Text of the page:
Before you can run your application on a device, you must perform some basic setup for your device:
Read Setting up a Device for Development for more information.
Once set up and your device is connected via USB, install your application on the device by selecting Run > Run (or Run > Debug) from the Eclipse menu bar.
The run configuration specifies the project to run, the Activity to start, the emulator or connected device to use, and so on. When you first run a project as an Android Application, ADT will automatically create a run configuration. The default run configuration will launch the default project Activity and use automatic target mode for device selection (with no preferred AVD). If the default settings don't suit your project, you can customize the launch configuration or even create a new.
To create or modify a launch configuration, follow these steps as appropriate for your Eclipse version:
In the Target tab, consider whether you'd like to use Manual or Automatic mode when selecting an AVD to run your application. See the following section on Automatic and manual target modes).
You can specify any emulator options to the Additional Emulator Command
Line Options field. For example, you could add
-scale 96dpi to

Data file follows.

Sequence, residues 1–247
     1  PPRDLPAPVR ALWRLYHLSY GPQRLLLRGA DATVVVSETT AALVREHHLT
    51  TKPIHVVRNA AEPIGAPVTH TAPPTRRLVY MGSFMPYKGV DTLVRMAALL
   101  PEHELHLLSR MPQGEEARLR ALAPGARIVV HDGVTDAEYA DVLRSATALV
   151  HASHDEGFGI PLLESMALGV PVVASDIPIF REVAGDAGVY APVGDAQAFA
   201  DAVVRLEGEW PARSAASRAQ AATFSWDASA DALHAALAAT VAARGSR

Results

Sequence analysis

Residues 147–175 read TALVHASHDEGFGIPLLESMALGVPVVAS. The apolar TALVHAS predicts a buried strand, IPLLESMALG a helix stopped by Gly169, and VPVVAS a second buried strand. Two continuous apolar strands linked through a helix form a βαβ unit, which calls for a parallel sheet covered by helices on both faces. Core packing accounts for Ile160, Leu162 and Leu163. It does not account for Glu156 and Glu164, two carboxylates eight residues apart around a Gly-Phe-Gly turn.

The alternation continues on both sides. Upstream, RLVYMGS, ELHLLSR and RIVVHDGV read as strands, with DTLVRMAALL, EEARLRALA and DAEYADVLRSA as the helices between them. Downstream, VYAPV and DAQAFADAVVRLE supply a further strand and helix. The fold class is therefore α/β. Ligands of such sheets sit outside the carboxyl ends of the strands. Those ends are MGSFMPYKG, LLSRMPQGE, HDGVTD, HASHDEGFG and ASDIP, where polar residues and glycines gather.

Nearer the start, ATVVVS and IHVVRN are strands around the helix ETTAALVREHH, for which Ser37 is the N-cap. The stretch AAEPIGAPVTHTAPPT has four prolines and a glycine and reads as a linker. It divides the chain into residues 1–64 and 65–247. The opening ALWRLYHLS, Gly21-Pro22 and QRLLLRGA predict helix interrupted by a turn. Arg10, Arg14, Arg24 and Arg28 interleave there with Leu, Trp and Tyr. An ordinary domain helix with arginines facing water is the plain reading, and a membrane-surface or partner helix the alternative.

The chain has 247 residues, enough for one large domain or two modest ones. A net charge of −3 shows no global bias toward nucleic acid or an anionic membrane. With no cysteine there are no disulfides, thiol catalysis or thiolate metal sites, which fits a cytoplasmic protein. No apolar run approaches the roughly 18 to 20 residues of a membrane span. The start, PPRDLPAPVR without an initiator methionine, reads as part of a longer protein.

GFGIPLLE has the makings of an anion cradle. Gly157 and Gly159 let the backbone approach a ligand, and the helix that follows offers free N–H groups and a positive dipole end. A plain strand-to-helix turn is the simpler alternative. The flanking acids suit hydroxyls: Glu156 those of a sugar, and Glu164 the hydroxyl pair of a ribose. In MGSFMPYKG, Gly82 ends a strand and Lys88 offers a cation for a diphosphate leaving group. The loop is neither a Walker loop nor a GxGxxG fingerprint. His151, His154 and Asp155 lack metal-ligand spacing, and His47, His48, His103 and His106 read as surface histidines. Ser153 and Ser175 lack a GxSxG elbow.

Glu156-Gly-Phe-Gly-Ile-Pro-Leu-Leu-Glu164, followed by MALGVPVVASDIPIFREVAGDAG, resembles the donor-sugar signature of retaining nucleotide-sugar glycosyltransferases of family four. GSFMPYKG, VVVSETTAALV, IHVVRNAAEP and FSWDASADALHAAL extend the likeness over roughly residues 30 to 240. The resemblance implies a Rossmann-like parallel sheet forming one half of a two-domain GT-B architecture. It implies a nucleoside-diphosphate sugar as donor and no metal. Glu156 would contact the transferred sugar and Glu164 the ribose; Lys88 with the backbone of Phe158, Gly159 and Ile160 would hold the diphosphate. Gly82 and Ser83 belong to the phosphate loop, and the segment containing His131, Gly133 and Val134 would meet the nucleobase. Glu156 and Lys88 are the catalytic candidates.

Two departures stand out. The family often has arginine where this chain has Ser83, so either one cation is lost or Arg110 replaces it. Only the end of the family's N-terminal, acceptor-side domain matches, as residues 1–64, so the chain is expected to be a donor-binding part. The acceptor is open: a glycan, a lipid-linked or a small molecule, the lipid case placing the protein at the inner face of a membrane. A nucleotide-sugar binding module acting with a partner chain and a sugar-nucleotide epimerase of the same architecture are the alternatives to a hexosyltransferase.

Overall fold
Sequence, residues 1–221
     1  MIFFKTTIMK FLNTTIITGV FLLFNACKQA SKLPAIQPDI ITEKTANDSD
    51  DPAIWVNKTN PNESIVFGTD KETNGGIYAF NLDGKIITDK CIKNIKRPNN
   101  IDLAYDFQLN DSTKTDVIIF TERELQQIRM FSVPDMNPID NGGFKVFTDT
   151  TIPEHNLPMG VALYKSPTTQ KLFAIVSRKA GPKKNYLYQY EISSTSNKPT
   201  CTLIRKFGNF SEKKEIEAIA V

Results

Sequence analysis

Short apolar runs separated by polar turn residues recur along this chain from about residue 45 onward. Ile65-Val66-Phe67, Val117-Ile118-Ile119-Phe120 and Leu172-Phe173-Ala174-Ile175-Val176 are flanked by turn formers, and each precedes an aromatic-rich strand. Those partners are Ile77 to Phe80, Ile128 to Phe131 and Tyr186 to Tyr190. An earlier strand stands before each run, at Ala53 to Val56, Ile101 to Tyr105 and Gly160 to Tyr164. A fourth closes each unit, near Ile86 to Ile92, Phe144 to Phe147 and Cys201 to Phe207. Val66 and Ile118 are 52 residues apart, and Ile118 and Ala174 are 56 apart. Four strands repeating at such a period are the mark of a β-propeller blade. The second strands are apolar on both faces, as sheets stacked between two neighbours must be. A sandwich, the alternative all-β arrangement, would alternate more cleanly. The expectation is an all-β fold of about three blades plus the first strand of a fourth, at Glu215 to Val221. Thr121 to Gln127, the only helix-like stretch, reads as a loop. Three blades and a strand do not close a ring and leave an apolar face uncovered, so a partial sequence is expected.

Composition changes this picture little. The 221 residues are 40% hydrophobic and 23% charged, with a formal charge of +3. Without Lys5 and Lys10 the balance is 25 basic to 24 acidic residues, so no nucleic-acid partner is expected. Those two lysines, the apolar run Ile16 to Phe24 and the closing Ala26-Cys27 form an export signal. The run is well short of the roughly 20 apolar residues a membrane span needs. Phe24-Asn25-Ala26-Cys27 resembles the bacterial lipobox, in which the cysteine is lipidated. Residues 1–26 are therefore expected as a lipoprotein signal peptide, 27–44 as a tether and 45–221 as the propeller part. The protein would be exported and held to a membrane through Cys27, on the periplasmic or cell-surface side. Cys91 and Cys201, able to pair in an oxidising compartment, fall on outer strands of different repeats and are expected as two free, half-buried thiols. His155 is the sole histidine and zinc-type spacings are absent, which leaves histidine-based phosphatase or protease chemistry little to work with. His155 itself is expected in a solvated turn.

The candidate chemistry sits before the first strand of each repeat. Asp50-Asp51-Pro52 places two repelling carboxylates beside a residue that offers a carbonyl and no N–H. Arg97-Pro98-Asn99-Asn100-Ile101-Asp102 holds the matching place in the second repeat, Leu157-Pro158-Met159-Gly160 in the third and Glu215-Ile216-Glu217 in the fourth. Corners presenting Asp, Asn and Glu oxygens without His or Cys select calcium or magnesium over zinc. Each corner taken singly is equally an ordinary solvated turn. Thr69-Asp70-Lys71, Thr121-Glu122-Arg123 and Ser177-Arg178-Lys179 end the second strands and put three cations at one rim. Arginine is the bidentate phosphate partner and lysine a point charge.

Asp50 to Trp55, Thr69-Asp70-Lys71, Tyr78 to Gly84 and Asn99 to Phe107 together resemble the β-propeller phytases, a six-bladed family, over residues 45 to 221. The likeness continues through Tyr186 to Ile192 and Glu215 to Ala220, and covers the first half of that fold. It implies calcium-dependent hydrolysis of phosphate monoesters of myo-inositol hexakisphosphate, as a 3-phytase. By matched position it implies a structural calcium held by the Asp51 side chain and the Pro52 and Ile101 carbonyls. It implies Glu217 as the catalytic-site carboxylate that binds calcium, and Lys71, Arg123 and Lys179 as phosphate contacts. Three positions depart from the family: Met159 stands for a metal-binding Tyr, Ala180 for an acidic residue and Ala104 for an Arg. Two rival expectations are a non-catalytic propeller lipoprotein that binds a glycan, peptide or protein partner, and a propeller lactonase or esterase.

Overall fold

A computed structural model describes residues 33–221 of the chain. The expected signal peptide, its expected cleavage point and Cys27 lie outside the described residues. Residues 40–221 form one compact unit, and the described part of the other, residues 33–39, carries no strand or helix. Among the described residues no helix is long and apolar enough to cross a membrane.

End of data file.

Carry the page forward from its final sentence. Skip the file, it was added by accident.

scale the AVD's screen to an accurate size, based on the dpi of your
computer monitor. For a full list of emulator options, see the Android Emulator
By default, a run configuration uses the automatic target mode in order to select an AVD. In this mode, ADT will select an AVD for the application in the following manner:
However, if a "preferred AVD" is selected in the run configuration, then the application will always be deployed to that AVD. If it's not already running, then a new emulator will be launched.
If your run configuration uses manual mode, then the "device chooser" is presented every time that your application is run, so that you can select which AVD to use.
As you begin developing Android applications, understand that all Android applications must be digitally signed before the system will install them on an emulator or an actual device. There are two ways to do this: with a debug key (for immediate testing on an emulator or development device) or with a private key (for application distribution).